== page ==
Friday, August 3, 2012

The Three-Sentence Trick

I've discovered a miraculous new writing trick this summer.

Whenever I'm feeling stalled on a project -- be it short story, longer WIP, or even a poem -- I force myself to write three sentences. Or, in the case of poetry, three lines.

Three sentences isn't much. So it's pretty easy to do, no matter how frustrated and stalled and emotionally strung out I am. "Just three sentences, and I can stop. C'mon. Not that hard." And if I honestly can't think of anything else to write after period #3, I allow myself to put down that project...until I have to write another three sentences, of course.

However, that doesn't happen very often.

The three-sentence trick often gets the wheels turning just enough to launch me into pages and pages of writing. It's a great way to trick your own brain into thinking you're not going to write very much. It's just enough to get you started, to ignite the "OMG I forgot I actually love doing this!" spark in your writerly brain. Even if it doesn't spark any sparks, it's a good start to the discipline of writing something -- even as little as three sentences -- every day.

Perfect for those of us who lack the time and/or discipline to write every day. By tricking ourselves into thinking we don't have to write as long or as much -- it's just a measley three sentences, after all -- we trick ourselves into writing more.

Tuesday, July 24, 2012

How to Support Your Weird Artist-y Friends

I had quite the interesting conversation with my mother on my way to work yesterday.

I am currently stage managing for a production of Shakespeare's Richard III. Stage managing isn't all that different from babysitting in some ways...except that the actors never try to redecorate the bathroom with poop. At least, not yet.

Before you ask, no, I don't get paid. Not in money.

Also, that's not really any of your business (but I am getting to my point in a minute, I swear).

So why do anything -- if not for the money?

A million reasons. Job experience. Internship credit. Because I love the theater (and Richard III). Because it gets me out of the house this summer, even though it's not a paying job. Because I can put it on my growing resume. Even because other opportunities for employment might come out of this, directly or indirectly? Well, yeah. All that.

But mainly because I've decided that theater is going to be my career. I am going to work in the theater in some capacity. Honestly, I don't think I would be happy otherwise.

Unsurprisingly but still disappointingly, this is a concept beyond the grasp of my parents.

Not that I need their approval. And to be fair, they do support me up to a point. After all, the only reason I had the aforementioned lovely conversation with my mother was because she was driving me to rehearsal (having refused my offer to borrow the car and pay for gas). Which is nice and lovely and appreciated.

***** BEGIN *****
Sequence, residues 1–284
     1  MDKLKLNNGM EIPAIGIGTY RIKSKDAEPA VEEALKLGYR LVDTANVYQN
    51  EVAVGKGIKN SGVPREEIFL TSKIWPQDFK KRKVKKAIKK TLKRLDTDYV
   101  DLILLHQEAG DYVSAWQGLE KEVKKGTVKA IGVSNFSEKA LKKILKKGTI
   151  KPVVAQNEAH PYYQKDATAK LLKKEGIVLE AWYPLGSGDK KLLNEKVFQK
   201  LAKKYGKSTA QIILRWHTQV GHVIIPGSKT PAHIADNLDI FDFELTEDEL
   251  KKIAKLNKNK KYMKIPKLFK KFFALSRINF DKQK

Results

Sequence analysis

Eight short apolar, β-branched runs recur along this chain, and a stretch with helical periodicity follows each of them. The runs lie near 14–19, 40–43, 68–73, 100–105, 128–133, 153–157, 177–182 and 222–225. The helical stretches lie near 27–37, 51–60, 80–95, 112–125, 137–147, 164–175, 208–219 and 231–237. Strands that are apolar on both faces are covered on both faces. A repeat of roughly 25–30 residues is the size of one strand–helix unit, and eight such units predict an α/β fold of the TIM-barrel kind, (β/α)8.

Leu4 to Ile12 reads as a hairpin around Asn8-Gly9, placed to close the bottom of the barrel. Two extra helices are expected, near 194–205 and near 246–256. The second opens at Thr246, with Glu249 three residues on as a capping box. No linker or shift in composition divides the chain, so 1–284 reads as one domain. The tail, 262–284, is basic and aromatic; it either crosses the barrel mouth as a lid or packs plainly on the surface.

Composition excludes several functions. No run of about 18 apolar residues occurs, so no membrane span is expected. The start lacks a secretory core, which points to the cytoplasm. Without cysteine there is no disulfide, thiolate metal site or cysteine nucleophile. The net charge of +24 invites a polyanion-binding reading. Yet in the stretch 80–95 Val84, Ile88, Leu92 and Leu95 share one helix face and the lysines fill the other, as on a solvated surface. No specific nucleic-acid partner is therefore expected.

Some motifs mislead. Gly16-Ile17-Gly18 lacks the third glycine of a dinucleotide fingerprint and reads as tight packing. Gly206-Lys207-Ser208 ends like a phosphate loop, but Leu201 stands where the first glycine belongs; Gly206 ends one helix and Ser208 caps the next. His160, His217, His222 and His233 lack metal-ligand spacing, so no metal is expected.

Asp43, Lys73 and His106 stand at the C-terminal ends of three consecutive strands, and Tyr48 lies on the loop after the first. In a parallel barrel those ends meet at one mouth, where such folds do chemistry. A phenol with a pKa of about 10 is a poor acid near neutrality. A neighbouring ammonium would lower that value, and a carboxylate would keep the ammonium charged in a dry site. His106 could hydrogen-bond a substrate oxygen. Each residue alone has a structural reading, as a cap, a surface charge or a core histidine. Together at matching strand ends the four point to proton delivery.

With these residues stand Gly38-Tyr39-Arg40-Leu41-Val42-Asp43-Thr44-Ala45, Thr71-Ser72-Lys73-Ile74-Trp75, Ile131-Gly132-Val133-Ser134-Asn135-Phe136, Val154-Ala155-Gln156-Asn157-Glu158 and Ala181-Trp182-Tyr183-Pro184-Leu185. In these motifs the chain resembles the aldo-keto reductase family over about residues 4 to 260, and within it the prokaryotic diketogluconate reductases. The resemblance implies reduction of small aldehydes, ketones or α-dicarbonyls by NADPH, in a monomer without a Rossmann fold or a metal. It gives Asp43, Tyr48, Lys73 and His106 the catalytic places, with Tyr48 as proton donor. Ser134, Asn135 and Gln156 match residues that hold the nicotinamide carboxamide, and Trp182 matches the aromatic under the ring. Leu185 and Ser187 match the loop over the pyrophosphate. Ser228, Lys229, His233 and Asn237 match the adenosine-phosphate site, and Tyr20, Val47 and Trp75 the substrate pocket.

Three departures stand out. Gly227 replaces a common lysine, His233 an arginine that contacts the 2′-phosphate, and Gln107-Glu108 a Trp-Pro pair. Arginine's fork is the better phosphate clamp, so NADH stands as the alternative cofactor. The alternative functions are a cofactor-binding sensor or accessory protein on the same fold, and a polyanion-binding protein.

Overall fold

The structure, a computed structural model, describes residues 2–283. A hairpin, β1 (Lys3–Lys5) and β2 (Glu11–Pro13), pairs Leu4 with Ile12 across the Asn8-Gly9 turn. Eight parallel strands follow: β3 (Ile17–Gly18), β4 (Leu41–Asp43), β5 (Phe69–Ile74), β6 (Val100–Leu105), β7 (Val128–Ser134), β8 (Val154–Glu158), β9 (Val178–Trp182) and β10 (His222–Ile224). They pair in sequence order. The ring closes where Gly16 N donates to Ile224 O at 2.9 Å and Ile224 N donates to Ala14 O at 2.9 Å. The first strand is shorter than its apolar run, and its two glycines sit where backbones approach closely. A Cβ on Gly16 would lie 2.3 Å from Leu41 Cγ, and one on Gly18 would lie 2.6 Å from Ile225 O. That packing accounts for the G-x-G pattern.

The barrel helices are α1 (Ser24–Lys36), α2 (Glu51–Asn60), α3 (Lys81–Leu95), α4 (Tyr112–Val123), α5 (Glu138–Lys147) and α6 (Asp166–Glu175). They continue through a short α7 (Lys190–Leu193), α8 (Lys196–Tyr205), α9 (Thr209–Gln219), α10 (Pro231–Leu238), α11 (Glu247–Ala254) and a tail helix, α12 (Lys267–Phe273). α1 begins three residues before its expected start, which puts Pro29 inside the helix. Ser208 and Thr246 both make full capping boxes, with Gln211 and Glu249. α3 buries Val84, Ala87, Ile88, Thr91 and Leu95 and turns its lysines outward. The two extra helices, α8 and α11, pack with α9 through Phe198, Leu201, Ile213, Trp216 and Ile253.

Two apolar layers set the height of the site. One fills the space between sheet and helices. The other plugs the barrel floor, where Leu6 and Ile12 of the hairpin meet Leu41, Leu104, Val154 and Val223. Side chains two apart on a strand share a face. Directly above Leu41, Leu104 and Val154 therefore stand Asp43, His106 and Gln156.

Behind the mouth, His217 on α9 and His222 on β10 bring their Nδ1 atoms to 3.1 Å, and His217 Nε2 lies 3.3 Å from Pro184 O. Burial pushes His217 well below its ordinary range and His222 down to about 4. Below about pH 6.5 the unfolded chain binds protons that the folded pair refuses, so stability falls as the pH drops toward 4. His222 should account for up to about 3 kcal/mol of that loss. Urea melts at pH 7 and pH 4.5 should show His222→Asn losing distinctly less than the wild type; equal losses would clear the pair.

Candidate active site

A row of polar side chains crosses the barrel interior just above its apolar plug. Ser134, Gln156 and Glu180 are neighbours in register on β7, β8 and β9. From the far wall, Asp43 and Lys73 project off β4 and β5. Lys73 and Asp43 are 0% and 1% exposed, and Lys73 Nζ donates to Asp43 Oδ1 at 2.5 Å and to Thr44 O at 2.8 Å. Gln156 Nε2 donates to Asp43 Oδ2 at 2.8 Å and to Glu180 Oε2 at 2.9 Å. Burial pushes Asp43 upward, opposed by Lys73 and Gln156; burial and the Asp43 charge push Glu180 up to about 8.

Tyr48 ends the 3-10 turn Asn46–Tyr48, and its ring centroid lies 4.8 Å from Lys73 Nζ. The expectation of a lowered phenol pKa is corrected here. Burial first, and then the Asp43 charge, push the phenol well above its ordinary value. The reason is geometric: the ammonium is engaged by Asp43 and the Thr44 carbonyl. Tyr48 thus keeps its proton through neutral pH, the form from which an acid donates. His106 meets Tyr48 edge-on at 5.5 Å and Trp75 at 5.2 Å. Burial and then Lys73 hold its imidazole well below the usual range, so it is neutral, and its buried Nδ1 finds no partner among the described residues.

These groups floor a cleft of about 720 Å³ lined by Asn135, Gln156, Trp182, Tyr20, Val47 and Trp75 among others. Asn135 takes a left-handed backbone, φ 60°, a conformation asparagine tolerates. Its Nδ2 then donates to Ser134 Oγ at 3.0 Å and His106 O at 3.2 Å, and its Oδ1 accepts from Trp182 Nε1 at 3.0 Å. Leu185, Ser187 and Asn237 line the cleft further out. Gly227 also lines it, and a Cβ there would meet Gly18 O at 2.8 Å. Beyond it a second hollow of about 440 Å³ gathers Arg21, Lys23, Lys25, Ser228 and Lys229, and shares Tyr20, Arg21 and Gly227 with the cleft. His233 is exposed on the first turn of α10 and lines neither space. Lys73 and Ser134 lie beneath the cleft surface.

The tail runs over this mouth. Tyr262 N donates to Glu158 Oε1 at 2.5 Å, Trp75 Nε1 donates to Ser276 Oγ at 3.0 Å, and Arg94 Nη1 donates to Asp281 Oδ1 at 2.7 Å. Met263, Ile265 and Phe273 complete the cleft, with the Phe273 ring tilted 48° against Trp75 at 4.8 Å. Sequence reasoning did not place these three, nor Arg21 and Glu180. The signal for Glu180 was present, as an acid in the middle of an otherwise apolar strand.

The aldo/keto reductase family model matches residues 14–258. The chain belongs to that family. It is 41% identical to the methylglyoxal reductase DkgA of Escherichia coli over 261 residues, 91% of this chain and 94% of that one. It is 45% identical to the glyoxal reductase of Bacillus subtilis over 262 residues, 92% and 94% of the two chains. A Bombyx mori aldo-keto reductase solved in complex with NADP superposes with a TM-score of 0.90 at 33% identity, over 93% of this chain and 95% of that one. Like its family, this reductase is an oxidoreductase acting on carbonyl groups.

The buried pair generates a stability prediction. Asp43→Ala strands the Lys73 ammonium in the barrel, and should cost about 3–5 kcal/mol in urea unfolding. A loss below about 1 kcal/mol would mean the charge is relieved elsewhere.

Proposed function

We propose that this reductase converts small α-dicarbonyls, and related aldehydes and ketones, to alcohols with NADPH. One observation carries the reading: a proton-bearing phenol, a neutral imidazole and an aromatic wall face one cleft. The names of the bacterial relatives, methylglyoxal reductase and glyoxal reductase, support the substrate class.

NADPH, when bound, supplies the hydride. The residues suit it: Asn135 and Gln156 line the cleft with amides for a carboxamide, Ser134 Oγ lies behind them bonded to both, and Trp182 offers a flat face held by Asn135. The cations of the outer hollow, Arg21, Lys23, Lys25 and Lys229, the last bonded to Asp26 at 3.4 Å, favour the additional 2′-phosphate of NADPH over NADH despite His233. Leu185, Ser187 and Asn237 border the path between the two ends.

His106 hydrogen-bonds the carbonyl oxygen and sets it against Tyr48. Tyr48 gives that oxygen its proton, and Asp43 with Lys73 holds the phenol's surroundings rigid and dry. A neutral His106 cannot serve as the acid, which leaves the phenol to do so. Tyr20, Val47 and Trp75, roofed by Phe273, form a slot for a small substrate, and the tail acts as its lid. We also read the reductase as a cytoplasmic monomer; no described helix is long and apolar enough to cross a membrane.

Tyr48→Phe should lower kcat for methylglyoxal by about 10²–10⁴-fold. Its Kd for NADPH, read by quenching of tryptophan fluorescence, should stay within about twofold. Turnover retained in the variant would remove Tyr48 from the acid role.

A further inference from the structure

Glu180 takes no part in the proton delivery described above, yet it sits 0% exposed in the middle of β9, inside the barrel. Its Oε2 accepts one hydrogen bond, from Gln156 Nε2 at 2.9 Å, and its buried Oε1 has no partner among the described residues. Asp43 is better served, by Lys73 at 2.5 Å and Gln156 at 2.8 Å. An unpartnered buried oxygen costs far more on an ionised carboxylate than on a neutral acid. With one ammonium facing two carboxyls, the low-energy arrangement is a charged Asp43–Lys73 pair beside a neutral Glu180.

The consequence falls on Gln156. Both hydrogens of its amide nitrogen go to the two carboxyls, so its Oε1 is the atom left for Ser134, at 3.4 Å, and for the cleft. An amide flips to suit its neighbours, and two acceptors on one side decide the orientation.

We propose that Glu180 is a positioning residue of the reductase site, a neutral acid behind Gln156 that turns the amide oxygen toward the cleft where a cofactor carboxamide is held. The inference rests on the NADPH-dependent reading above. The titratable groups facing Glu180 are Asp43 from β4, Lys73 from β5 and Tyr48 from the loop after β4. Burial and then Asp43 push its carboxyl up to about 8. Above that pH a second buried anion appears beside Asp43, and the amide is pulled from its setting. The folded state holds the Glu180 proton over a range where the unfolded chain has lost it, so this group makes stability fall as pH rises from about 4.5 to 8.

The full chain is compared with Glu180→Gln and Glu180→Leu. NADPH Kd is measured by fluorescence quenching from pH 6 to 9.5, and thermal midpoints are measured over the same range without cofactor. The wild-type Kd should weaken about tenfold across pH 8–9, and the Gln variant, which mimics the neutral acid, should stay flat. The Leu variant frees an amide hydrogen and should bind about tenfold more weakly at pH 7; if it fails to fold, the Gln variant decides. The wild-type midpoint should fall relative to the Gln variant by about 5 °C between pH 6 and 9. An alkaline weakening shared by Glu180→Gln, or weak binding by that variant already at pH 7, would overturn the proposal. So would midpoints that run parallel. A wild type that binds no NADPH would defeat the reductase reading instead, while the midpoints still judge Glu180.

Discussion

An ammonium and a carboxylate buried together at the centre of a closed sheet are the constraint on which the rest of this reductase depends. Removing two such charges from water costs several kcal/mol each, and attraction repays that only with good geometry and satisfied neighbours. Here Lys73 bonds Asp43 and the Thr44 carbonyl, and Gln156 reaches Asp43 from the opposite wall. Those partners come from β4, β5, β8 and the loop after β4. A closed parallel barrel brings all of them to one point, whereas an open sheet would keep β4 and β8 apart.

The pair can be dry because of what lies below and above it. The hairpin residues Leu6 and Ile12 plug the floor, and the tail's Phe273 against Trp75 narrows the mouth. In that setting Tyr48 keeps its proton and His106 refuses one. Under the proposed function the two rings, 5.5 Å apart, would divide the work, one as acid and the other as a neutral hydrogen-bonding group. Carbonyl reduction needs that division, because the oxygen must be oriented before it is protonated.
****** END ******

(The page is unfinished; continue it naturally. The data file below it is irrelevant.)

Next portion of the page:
And then she says something like this: "You're not an actor."

Me: *blink blink* "Yes I am."
Mom: "No you're not."
Me: "Um, yes I am actually. I may not be acting at the moment, but--"
Mom: "You're an actress."
Me: "They're used interchangeably in the U.S."
Mom: "Whatever. Anyway, you're not an actress. You're a stage manager."
Me: "Yeah, that too. At present."
Mom: *sigh* "Yeah, but what's your backup plan?"
Me: *laughs* "Stage managing!"
Mom: "Not like that pays much."
Me: "More than acting."
Mom: *knowing sigh* "You're not an actor or an actress or a stage manager. You're just a silly wittle giwl."

What do I say to that?!

Well, this silly little girl is twenty, and will be making her own little girly decisions about her own little girly life.

Enter the concept of support. Support is important. Especially for those of us who are musicians, writers, actors -- anyone whose job doesn't necessarily include a monthly paycheck. We speak in the language of contracts, gigs, and part-time waitressing jobs.

That can be scary for parents and friends outside the arts. I get it. Your 13-year-old says he wants to be an actor, fine, smile and nod. He has lots of time to change his mind, after all. But for the love of God, don't beat down his dreams out of hand. Here's a hint that your kid, friend, or family member might be serious about it: your 20-year-old says she wants to work in theater, and is actively seeking -- and finding -- job experience. It's not just a silly wittle giwl's silly wittle dweam any more.

So don't treat us like that.

Theater people need support. We need friends and family to come see our shows. To spread the word around town. To listen to our lines, our workplace drama, our audition anxieties. It's much the same with musicians. Please come to our concerts and recitals. Please don't turn up the TV when we're trying to practice scales. As for writers -- we write to be read. So read our stuff, pretty please with a cherry on top.